What are acids? Definition:

As acids (English: Acid) refers to chemical compounds with a pH of less than seven. Acids act as so-called proton donorsthat is, they are hydrogen ions (H+) can be transferred to their reactants. The counterpart to acids are bases, also known as alkalis.
Acids are very corrosive depending on the concentration. Therefore, never work without suitable safety goggles. If necessary, protective clothing and protective gloves can be useful. If the acid comes into contact with your hands, wash with water immediately. The instructions of the experimenter / teacher must be followed.
When dealing with acidic liquids, an important donkey bridge has established itself: 'first the water, then the acid, otherwise the monstrous' happens. Water must never - eg. for dilution - to be added to an acid. The suddenly released hydration energy causes the acid to evaporate and spray. That's why you always add acids to the water. The subsequent reaction is no less exothermic, but the released energy distributes evenly to the surrounding amount of water.
Incidentally, the phrase is also in the English language: Always do things as you oughta, add the acid to the water!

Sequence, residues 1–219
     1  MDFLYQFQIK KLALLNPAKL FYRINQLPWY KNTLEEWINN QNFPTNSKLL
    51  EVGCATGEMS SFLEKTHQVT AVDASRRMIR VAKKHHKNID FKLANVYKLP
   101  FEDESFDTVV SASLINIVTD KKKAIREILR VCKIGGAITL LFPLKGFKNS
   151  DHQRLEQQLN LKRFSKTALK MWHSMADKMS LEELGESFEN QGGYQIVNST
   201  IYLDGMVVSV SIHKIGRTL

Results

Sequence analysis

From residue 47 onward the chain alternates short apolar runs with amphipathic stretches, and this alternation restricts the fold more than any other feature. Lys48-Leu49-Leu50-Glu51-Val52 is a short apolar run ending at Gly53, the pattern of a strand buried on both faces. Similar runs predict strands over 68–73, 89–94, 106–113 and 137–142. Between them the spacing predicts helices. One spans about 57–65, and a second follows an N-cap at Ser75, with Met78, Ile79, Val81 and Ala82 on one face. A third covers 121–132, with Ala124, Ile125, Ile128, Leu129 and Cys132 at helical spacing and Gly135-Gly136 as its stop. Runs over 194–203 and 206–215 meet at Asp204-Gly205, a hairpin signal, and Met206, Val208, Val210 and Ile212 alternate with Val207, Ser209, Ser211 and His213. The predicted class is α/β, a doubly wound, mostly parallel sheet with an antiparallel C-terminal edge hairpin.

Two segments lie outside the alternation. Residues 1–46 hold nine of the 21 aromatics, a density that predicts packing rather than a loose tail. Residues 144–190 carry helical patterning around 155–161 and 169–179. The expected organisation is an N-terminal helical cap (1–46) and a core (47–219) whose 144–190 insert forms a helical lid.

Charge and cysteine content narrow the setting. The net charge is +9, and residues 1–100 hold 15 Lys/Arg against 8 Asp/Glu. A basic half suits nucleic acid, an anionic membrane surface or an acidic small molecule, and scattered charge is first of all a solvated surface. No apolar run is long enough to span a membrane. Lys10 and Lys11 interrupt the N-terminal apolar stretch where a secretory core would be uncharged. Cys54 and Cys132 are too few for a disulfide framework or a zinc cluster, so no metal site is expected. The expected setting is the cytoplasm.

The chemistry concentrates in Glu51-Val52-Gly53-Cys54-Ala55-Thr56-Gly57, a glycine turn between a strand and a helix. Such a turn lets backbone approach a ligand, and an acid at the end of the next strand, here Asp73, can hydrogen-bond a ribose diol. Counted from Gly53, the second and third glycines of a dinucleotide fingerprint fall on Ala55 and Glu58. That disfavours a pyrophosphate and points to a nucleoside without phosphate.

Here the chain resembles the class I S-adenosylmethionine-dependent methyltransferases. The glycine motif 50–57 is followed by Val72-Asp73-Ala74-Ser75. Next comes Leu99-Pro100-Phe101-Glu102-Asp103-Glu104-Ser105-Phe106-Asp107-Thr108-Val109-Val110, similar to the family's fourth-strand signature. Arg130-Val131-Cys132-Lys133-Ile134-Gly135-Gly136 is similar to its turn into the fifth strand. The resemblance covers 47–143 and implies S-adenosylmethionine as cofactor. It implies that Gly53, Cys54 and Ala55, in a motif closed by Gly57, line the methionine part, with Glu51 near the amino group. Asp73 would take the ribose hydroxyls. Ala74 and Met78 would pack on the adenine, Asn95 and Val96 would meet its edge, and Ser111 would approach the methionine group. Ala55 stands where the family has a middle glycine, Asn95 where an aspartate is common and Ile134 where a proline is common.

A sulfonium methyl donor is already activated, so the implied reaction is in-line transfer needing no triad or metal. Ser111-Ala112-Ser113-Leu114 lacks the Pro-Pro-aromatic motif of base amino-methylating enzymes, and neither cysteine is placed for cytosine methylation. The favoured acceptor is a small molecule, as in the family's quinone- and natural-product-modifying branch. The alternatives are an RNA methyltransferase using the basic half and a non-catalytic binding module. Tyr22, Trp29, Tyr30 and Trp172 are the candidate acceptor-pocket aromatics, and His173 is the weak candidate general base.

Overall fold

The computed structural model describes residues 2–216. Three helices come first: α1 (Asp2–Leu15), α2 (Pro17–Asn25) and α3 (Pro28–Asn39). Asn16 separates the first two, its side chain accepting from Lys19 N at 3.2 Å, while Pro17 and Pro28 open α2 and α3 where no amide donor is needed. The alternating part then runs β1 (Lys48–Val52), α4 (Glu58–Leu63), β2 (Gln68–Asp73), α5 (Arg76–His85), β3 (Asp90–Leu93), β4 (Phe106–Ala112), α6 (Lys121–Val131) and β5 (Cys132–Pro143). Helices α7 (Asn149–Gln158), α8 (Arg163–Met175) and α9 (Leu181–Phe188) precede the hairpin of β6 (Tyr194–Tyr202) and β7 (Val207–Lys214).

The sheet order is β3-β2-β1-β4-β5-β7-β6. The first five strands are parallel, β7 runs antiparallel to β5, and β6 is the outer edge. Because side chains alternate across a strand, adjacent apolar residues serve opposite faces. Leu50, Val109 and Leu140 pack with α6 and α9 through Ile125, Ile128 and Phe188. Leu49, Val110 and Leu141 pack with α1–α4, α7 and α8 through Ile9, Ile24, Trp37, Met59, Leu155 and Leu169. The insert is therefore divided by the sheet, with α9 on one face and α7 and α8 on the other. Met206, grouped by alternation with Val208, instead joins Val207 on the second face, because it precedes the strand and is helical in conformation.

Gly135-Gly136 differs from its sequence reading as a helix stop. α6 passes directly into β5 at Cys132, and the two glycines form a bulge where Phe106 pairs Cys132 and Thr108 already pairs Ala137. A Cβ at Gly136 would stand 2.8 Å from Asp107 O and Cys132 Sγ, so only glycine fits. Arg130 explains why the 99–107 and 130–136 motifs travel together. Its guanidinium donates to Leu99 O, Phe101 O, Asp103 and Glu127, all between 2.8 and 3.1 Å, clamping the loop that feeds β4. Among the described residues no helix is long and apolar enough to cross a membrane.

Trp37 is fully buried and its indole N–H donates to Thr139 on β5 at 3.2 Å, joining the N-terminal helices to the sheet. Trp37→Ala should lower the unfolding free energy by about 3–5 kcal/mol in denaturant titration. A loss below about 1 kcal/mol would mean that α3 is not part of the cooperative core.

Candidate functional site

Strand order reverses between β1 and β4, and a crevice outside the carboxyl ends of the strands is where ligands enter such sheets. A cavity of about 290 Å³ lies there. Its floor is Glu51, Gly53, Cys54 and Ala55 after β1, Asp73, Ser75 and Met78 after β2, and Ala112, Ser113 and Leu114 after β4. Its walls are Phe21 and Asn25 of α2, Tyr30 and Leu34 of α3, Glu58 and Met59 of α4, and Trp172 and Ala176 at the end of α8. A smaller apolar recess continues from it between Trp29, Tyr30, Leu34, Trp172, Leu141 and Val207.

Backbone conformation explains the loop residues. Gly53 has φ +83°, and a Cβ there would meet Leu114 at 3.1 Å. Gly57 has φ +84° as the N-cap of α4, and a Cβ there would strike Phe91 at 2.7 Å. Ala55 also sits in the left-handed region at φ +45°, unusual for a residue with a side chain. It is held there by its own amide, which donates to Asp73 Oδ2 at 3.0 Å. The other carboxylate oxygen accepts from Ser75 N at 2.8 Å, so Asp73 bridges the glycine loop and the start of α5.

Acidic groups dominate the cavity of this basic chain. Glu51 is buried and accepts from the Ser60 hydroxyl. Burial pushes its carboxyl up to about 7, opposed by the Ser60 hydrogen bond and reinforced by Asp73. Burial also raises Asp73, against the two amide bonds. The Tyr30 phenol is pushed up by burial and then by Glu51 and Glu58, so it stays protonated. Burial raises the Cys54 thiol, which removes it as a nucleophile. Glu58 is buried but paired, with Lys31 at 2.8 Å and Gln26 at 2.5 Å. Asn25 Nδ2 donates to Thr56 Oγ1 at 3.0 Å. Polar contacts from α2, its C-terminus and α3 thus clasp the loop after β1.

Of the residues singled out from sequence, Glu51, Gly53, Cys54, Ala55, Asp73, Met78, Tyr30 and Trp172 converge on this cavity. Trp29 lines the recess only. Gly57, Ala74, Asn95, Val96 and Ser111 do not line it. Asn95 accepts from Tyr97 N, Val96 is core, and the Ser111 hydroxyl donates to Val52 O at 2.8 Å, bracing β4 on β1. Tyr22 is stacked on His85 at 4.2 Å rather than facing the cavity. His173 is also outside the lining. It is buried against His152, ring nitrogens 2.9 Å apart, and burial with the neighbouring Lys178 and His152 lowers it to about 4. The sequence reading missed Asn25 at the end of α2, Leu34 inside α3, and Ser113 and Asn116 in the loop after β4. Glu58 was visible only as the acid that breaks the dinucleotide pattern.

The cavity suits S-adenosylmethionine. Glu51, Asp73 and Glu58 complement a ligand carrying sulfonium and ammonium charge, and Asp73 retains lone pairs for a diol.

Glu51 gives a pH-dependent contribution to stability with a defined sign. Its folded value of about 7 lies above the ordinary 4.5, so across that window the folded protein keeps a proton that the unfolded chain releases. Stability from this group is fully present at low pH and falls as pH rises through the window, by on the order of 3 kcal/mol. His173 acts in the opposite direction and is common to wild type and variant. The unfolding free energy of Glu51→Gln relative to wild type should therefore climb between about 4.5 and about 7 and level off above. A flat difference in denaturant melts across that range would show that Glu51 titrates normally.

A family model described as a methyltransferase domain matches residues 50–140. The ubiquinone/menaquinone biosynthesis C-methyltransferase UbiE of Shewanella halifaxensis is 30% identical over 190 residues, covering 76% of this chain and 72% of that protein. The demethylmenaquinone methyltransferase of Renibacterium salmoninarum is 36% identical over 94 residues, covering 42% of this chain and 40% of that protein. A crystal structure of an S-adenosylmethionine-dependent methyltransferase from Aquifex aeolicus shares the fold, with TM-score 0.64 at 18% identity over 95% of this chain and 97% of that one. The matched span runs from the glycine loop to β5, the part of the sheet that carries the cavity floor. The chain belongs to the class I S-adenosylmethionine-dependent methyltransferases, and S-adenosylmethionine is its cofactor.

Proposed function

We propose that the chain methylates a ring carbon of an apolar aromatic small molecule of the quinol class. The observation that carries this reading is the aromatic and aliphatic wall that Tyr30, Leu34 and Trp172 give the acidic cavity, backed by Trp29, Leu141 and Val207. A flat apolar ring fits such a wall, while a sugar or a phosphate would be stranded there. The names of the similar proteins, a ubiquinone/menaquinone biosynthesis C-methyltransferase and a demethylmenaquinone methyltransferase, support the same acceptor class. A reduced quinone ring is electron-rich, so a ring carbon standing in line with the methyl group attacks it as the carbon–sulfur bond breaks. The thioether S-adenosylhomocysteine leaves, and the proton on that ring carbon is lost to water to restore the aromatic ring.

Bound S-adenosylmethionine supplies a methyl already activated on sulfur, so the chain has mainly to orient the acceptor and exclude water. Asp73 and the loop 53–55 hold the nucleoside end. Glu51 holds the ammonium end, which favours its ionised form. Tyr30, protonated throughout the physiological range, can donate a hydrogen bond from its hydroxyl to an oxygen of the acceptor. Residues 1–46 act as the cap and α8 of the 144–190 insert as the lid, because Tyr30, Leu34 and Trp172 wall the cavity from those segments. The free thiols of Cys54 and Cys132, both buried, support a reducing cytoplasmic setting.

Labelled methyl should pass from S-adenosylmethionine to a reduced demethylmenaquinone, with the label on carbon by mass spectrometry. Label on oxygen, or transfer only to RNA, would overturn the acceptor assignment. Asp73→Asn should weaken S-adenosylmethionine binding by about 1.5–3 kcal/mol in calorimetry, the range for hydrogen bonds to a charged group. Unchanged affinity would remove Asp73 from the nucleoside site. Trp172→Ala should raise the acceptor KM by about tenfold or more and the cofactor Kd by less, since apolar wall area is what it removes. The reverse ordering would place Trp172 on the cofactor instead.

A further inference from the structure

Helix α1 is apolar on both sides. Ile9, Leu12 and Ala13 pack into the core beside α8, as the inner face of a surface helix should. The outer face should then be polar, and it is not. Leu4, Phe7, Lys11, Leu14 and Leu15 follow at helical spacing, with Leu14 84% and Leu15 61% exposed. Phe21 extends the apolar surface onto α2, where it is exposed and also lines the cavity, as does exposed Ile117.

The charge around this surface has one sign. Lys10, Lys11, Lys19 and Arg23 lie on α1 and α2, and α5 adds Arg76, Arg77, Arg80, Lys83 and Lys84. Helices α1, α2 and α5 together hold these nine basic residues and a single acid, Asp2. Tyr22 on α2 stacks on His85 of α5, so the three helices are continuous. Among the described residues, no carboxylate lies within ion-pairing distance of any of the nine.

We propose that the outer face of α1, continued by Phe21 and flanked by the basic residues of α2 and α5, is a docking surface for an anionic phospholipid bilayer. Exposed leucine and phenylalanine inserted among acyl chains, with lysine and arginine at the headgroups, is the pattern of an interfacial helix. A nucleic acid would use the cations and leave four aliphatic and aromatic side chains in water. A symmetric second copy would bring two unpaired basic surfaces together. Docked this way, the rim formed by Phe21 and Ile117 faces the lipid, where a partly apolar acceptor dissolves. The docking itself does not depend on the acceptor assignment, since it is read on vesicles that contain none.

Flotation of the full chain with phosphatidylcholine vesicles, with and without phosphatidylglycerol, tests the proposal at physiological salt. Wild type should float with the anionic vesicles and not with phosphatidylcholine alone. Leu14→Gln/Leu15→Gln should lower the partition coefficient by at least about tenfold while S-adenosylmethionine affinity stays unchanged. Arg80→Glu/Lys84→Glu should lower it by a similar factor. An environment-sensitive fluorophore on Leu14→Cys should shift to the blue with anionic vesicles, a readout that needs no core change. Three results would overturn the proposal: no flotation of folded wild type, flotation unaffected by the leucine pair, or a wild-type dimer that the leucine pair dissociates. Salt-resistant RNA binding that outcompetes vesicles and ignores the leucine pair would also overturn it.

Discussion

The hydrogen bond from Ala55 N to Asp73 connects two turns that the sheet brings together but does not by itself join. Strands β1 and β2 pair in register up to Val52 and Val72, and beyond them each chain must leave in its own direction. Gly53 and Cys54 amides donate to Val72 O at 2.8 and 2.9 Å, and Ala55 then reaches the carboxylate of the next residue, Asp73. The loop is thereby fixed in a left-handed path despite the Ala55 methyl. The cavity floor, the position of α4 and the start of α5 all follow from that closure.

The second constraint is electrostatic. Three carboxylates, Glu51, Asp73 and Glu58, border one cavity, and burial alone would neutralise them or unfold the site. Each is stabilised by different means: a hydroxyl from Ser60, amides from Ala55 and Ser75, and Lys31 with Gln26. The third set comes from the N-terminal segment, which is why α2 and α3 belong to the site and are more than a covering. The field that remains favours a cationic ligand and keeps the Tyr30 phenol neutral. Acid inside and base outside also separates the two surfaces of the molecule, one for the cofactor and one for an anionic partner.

Properties of acids:

Acids are corrosive.
Acids can dissolve base metals and organic matter.
Sour taste (do not try it!).
Acids can be liquid, gaseous or solid.
Bases / alkalis neutralize acids.
Dilution with water produces heat (exothermic reaction).
The universal indicator turns red.
Acids have a pH of approx. 0 - 6.5
Acids are electrically conductive.

Examples of acids:

formic acid (CH2O2): Natural occurrence e.g. in the stinging nettles, defensive secretions of some ant species
cyanide (HCN): synonym for hydrogen cyanide; contained in the kernels of many stonefruit; highly toxic
citric acid (C6H8O7): Part of many detergents; high levels of citric acid in fruit fruits
acetic acid (C2H4O2): characteristic, pungent odor; Acidifier in the food industry
carbonic acid (H2CO3): Reaction product of carbon dioxide (CO2) and water (H2O)
nitric acid (HNO3): used to extract gold from other metals
hydrochloric acid (HCl): component of stomach acid
sulfuric acid (H2SO4): Component of battery acid; central importance in the emergence of acid rain